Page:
Teleconferencing - Video and Videoconferencing

High bandwidth enables implementation of the longstanding vision for a digital hallway or virtual educational community that provides seamless connection between the auditoriums, lecture halls and classrooms of the university and regional schools. Activities will include master teacher presentations from the school to CEAP methods classes, collaborative workshops, and student intern supervision. CEAP has three videoconference systems awaiting connectivity with regional schools. Just as important, I2 opens the school door for the same high levels of connectivity to a much larger global community of specialists and educators via the I2 Commons and Access Grid. (Briefly explain what these two terms mean.)

Remote Control of Scientific Devices

Numerous opportunities exist with I2 speeds for remote data collection and study in science and math classes using models such as the Jason Project which put students in control of submersible craft collecting scientific data in oceans around the world, and currently taking place only within major cities that have I2 speeds into city science museums.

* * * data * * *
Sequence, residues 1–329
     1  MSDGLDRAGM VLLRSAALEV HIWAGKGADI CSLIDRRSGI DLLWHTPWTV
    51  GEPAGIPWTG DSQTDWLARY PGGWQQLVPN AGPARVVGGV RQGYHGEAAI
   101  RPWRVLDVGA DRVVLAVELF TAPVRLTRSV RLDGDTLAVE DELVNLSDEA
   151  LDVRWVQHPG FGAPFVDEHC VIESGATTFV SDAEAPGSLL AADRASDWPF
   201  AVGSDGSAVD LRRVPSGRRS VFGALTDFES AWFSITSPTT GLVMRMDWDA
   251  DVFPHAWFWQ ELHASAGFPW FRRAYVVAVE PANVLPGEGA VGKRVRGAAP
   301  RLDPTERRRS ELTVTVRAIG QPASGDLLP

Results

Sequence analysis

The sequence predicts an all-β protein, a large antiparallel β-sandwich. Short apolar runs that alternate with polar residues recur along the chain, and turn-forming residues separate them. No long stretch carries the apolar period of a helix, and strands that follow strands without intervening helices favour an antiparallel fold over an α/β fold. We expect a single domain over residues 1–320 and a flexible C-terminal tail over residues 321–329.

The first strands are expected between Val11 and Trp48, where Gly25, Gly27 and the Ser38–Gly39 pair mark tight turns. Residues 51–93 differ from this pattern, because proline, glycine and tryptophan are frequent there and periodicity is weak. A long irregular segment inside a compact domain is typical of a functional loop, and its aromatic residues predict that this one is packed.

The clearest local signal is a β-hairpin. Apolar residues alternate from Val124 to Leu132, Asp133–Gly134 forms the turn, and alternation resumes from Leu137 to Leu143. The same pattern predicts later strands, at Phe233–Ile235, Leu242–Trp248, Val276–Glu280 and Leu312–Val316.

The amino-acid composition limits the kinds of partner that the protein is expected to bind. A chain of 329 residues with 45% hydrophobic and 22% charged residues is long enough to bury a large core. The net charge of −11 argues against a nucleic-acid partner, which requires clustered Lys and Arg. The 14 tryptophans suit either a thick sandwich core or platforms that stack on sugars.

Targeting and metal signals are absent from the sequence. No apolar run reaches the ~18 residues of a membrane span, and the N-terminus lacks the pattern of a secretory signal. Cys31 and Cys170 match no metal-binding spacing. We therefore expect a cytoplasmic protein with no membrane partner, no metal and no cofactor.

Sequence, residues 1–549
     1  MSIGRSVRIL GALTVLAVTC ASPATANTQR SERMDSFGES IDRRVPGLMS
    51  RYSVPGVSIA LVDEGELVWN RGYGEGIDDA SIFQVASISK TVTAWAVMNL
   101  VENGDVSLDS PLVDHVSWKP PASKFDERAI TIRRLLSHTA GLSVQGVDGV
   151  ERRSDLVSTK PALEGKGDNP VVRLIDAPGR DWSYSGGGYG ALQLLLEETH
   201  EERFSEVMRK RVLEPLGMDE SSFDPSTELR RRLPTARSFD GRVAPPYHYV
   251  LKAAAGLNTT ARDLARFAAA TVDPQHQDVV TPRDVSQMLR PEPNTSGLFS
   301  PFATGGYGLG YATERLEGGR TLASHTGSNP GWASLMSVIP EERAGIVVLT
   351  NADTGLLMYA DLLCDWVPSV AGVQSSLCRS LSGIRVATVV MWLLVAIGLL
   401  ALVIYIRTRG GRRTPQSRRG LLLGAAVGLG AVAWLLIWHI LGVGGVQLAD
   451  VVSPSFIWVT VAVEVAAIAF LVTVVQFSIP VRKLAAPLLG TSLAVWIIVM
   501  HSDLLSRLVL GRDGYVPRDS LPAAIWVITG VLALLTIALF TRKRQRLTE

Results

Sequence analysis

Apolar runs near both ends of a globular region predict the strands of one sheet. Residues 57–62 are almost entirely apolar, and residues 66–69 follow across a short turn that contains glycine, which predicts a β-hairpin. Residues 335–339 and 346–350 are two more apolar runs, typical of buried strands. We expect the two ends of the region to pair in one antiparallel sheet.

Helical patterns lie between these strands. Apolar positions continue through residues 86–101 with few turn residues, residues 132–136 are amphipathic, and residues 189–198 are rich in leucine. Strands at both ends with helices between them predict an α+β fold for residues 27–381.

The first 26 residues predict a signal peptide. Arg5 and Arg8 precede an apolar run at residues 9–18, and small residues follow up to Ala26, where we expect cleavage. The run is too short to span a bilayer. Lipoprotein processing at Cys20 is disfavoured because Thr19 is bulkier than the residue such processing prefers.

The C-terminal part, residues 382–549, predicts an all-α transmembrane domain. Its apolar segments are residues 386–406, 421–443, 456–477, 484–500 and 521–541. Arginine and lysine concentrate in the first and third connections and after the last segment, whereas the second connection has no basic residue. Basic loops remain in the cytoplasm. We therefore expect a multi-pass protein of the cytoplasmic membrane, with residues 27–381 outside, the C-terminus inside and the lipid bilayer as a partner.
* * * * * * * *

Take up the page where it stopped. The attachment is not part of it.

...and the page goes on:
Tele-Immersion (immersive VR)

I2 brings tele-immersion to classrooms, enabling students to feel embedded inside a three-dimensional (3D) space, expanding educational capacity for scientific visualization, making abstract concepts and oceans of numbers become more concrete and tangible spaces and places. This is becoming increasingly important to medicine, advanced science and mathematic research, and product creation and design.

Haptics

Though requiring the transmission of large of amounts of data, haptics brings a unique new expansion of digital technology through digital touch and pressure. Such technology enables students to understand and think about issues such as those faced by engineers for production creation and design, medical personnel remotely treating patients and carrying out surgical operations requiring specialists during emergency situations with telerobotics, and designers in discussion with a global community for creating textures in clothing and furniture design.

Simulations